Climate change and changes in land use are expected to exacerbate the phenomenon of extreme forest fires in the coming years. By 2030, the number of wildfires in the world is expected to increase by about 14%, by 2050 by about 30%, and no less than by 50% at the end of the century, according to an expert report from the UN Environment Program that will be presented at the UN General Assembly conference on environmental issues to be held in Nairobi at the end of the month.
The report also shows that even the Arctic regions will not be immune, and even there a significant increase in the number of forest fires is expected.
“One of the team’s important recommendations, which is certainly true of Israel as well, is aimed at a significant change in the allocation of resources and an improvement in the readiness to deal with fire prevention,” said Prof. Leah Wittenberg, Head of the Department of Geography and Environmental Studies at the University of Haifa and the Israeli member of the team of authors of the report.
The authors propose that governments around the world adopt a new “two-thirds-third” readiness formula, whereby two-thirds of the resources should be invested in planning, prevention, preparedness, and restoration of forests and ecosystems, while only one-third of the resources should go to fighting fires.
The report, titled Spreading like Wildfire: The Rising Threat of Extraordinary Landscape Fires, points out that the danger of escalation of wildfires threatens almost every region of the earth, including in the northern and arctic regions that have so far suffered almost no wildfires.
“The reality is that wherever there are trees, fires are expected,” said Prof. Wittenberg.
According to the researchers, climate change, global warming, and extreme wildfires have a mutual effect: fires become more frequent and severe due to lack of rainfall and the increase in drought years; decrease in humidity; recurrence of heat waves; and strong wind systems during fire season.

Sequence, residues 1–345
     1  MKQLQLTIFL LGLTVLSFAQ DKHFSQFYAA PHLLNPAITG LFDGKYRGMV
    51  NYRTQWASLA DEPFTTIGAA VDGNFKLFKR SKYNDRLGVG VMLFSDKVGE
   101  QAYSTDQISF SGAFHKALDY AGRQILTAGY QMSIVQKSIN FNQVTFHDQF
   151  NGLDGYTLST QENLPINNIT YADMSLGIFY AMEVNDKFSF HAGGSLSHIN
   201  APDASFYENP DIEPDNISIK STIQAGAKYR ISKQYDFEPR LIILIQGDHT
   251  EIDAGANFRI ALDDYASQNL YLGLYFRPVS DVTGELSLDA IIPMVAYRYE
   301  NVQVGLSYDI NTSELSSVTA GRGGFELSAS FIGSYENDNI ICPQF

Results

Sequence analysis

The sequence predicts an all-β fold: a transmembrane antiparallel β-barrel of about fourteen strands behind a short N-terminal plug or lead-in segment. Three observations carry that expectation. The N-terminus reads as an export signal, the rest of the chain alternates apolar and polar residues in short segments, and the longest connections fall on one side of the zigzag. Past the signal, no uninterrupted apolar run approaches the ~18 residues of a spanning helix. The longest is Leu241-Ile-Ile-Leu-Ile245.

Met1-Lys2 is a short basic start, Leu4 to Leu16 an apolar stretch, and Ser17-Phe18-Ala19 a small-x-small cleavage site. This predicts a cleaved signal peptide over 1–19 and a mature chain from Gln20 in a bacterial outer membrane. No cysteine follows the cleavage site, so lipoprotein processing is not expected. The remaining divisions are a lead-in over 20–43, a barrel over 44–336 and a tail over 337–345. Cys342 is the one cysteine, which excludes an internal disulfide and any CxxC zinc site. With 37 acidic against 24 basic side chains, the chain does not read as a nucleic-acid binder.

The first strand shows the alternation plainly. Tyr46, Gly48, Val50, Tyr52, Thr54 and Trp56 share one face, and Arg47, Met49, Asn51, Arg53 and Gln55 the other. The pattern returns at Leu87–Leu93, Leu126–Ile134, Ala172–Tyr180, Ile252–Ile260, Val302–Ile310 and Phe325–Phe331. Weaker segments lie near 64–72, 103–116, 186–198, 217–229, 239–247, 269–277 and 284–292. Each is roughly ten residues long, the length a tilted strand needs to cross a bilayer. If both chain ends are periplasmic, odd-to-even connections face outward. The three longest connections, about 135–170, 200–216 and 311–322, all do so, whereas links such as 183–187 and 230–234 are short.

At the same time, major fires are destroying sensitive and high-carbon ecosystems, exacerbating global warming.
In order to prevent extreme fires, the authors call for data integration and monitoring, along with local knowledge and increased local and international collaborations.
“We’re basically telling governments all over the world that they’re putting money in the wrong place,” said Prof. Wittenberg. “There is no doubt that the firefighters who fight on the front lines in front of the fire must be provided with the best means to succeed in their mission. However, if a significant portion of the resources is invested in preventing fires, we can also help carry out their work more efficiently and safely.”
The researchers further note that the fires are disproportionately affecting the world’s poorest countries and are preventing them from progressing towards the UN’s sustainable development goals. According to them, more serious attention must be given to environmental and health damage among the inhabitants of the poor countries affected by fires.
More effective dealing with the phenomenon of fires requires an understanding of fire behavior, developing an adaptive and effective interface that requires a combination of scientific knowledge and policies, and appropriate regulation and incentives for proper management of open spaces.
The report concludes with a call for the adoption of international standards for maintaining the safety and health of firefighters and minimizing the risks – during and after firefighting. These standards include raising awareness of the dangers of smoke inhalation, dealing with life-threatening events, and providing firefighters with access to proper nutrition, rest, and satisfying recovery times between shifts.